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  1. #1
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    Windows 10 Subscriptions aren't happening

    Well, here you go, another look into the future, but this time without the doom and gloom and the conspiracy theories...

    http://www.zdnet.com/article/windows...ing-heres-why/


    In fact, this has a bit more substance than that of the usual harbingers and doom and gloom, but just a tiny bit. However, I am seriously annoyed by the absolute lack of substance of what I read regarding Windows subscription based revenue models - not that Microsoft wouldn't do it, oh they could absolutely do it, but I haven't yet been able to see anyone making a good case of it, other than spouting hate at MS. Hate and contempt are never good reasons. Really.

    So, here is an opposing view. Just because.
    Rui
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    Rui, I'm not a conspiracy theorist. I don't see a conspiracy, or some evil plan to take over the world. SaaS is a valid business model and it's one that Microsoft has been involved in for a very long time. This isn't about gouging the public. It's about establishing a new way of doing things. SaaS has always been an attractive model for a software company - how the customer pays for that is largely a separate issue.

    The article says:
    I'm not even sure how a Windows 10 subscription for consumers and small businesses would work. What features in the operating system would Microsoft charge extra for? I've asked that question of people who are convinced that Microsoft has an evil master plan to soak its customers with subscription fees, and I have yet to hear an answer that makes sense.
    Ten years ago, there was no Office365 and few then could have predicted it. Yet it's now a reality and it's not a stretch to imagine that in a few years the (home) desktop version of office could be history. Two years ago, there were few that could have predicted that we would be seeing a version of Windows where automatic updates could not be turned off (home version). OneDrive is a default install and we are starting to see apps that require it to run.

    It's not hard to see how the retail and OEM sale of Windows could be replaced by a free install with a modest yearly subscription fee. Office365 (if you add in the value of the extra seats and the OneDrive space) is now arguably cheaper than buying it off the shelf. In three years, it's possible that you will pay a yearly subscription for Windows365 that will include the OS, Office, and OneDrive in a single package.

    No one can predict for sure what will happen, particularly give that MS has started down this path before but were too far ahead of technology to make it work. Internet Explorer started being built into the OS around 1995. MS was looking at a future OS that was built around a web browser and programs would be web enabled and/or web based. Active directory and domains were a part of that concept when WinNT was introduced. That was also a time when thin clients and distributed computing were the future.

    P.S. Businesses who want/need a different delivery model have always been a separate market. But they are already involved with a subscription model because they have contracts that include support and product.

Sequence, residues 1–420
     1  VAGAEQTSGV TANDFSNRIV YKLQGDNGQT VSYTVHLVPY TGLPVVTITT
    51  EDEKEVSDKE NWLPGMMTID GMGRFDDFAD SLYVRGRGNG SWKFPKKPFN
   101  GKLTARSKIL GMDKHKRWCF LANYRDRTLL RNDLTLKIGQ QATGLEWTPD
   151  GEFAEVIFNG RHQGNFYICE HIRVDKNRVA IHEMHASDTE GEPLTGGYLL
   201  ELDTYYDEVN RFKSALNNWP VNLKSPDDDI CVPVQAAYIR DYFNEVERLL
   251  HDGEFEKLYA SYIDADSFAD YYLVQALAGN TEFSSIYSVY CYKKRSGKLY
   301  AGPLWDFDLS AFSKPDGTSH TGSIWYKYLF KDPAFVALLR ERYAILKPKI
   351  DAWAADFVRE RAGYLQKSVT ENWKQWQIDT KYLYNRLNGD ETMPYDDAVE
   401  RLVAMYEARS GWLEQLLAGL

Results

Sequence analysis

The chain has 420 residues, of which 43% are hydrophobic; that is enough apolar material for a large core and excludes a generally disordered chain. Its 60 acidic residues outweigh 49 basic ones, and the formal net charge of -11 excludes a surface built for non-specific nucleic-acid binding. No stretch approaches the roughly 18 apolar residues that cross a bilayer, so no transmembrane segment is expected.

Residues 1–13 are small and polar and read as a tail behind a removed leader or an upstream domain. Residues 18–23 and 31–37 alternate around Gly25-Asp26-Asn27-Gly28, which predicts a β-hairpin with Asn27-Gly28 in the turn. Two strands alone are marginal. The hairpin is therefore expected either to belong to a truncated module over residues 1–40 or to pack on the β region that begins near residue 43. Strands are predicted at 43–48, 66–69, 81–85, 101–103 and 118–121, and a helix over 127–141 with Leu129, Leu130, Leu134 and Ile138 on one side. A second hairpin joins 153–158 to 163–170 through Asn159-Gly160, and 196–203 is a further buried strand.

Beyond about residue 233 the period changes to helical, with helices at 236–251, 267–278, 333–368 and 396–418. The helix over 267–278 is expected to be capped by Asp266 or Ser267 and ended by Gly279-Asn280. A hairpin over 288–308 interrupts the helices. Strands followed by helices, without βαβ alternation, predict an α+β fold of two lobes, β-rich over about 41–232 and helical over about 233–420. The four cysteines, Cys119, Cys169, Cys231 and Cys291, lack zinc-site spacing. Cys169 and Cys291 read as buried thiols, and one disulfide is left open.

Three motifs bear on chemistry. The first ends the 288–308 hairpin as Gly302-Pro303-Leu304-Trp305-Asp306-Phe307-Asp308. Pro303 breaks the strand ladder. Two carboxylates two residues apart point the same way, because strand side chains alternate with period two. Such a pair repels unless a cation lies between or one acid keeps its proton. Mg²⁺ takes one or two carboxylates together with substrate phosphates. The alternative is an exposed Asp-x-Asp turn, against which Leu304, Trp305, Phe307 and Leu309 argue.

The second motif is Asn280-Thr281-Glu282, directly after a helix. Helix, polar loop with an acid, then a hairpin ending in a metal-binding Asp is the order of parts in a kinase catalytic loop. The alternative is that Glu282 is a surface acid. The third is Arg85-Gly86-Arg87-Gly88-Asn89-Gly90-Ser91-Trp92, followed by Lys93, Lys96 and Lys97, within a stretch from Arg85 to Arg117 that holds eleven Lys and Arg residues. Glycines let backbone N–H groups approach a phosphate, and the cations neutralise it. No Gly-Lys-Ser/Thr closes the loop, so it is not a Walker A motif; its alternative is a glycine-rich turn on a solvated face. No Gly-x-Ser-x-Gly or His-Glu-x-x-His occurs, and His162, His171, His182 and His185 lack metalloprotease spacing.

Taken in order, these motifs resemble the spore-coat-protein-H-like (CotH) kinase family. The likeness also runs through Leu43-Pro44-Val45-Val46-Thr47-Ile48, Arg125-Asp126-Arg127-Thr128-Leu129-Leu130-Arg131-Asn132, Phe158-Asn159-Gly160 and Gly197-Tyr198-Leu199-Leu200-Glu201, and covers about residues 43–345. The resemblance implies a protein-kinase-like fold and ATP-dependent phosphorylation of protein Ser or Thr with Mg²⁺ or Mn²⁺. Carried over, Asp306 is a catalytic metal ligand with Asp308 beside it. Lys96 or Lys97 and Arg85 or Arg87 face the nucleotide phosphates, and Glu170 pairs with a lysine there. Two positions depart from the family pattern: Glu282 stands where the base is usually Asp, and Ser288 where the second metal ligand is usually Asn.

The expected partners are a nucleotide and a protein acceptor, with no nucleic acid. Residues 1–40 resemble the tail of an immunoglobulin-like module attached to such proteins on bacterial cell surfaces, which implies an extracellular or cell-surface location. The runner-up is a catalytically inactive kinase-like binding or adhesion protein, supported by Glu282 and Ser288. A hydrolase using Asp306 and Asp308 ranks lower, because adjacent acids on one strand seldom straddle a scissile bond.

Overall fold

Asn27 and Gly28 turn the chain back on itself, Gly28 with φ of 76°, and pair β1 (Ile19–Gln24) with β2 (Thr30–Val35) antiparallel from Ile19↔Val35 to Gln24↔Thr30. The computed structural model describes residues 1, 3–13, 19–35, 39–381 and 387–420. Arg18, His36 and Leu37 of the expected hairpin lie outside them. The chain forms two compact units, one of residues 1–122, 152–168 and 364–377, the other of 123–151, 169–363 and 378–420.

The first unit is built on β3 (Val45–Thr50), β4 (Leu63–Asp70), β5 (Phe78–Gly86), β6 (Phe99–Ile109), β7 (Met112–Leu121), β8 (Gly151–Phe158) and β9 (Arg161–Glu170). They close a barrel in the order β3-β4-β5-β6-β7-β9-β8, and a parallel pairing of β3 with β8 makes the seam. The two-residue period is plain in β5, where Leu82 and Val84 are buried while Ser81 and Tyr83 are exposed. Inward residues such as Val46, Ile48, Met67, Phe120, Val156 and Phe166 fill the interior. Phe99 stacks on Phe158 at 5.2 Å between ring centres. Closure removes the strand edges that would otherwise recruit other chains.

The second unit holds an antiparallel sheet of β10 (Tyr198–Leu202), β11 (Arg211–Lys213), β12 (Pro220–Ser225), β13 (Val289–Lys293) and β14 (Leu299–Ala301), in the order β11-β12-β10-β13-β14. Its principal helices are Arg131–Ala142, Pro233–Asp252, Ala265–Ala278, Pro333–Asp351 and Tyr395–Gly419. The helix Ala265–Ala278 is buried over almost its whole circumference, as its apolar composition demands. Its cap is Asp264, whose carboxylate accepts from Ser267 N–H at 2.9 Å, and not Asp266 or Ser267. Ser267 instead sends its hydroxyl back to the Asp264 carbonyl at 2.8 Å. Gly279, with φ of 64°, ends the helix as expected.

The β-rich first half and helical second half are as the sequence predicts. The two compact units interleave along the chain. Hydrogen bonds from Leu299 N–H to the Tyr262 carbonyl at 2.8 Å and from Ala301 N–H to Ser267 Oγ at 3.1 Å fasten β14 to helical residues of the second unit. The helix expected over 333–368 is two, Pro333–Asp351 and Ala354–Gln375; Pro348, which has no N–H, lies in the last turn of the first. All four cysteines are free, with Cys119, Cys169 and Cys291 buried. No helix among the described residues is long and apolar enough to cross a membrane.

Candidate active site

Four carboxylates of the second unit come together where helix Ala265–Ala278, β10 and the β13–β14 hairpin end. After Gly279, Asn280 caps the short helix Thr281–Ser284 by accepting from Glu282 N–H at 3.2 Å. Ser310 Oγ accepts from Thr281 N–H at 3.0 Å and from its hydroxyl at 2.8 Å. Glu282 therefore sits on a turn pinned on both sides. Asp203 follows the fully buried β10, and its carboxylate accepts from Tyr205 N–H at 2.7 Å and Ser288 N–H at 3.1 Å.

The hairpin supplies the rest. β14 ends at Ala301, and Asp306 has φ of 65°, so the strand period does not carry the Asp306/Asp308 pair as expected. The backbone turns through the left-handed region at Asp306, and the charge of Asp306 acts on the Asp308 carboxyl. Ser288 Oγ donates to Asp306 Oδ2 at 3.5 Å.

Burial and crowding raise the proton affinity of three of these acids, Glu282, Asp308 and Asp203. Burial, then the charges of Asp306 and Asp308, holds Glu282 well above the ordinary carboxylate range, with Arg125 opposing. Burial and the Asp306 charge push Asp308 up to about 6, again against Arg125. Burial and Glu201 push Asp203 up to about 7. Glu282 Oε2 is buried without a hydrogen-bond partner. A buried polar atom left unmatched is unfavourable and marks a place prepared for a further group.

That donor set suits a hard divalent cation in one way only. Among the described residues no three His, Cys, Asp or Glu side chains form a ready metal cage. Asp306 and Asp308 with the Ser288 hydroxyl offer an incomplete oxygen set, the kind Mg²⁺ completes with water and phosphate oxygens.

Graham Smith
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    "For every expert there is an equal and opposite expert.", Arthur C. Clarke (1917 - 2008)

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    Silver Lounger lumpy95's Avatar
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    Thanks for the opposing view ruirib. We can only hope that this view is the correct one but until MS makes some sort of decision ( although they can change it at any time ), we are still in limbo.

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    WS Lounge VIP access-mdb's Avatar
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    But Lumpy, surely that's what Rui is saying and Ed Bott as well. No decision has been made, so all the speculation (a lot of which is just clickbait followed by people believing it) is just that, speculation. Now if someone can point to a definitive statement....

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    Quote Originally Posted by gsmith-plm View Post
    Rui, I'm not a conspiracy theorist. I don't see a conspiracy, or some evil plan to take over the world. SaaS is a valid business model and it's one that Microsoft has been involved in for a very long time. This isn't about gouging the public. It's about establishing a new way of doing things. SaaS has always been an attractive model for a software company - how the customer pays for that is largely a separate issue.

    The article says:


    Ten years ago, there was no Office365 and few then could have predicted it. Yet it's now a reality and it's not a stretch to imagine that in a few years the (home) desktop version of office could be history. Two years ago, there were few that could have predicted that we would be seeing a version of Windows where automatic updates could not be turned off (home version). OneDrive is a default install and we are starting to see apps that require it to run.

    It's not hard to see how the retail and OEM sale of Windows could be replaced by a free install with a modest yearly subscription fee. Office365 (if you add in the value of the extra seats and the OneDrive space) is now arguably cheaper than buying it off the shelf. In three years, it's possible that you will pay a yearly subscription for Windows365 that will include the OS, Office, and OneDrive in a single package.

    No one can predict for sure what will happen, particularly give that MS has started down this path before but were too far ahead of technology to make it work. Internet Explorer started being built into the OS around 1995. MS was looking at a future OS that was built around a web browser and programs would be web enabled and/or web based. Active directory and domains were a part of that concept when WinNT was introduced. That was also a time when thin clients and distributed computing were the future.

    P.S. Businesses who want/need a different delivery model have always been a separate market. But they are already involved with a subscription model because they have contracts that include support and product.
    Graham,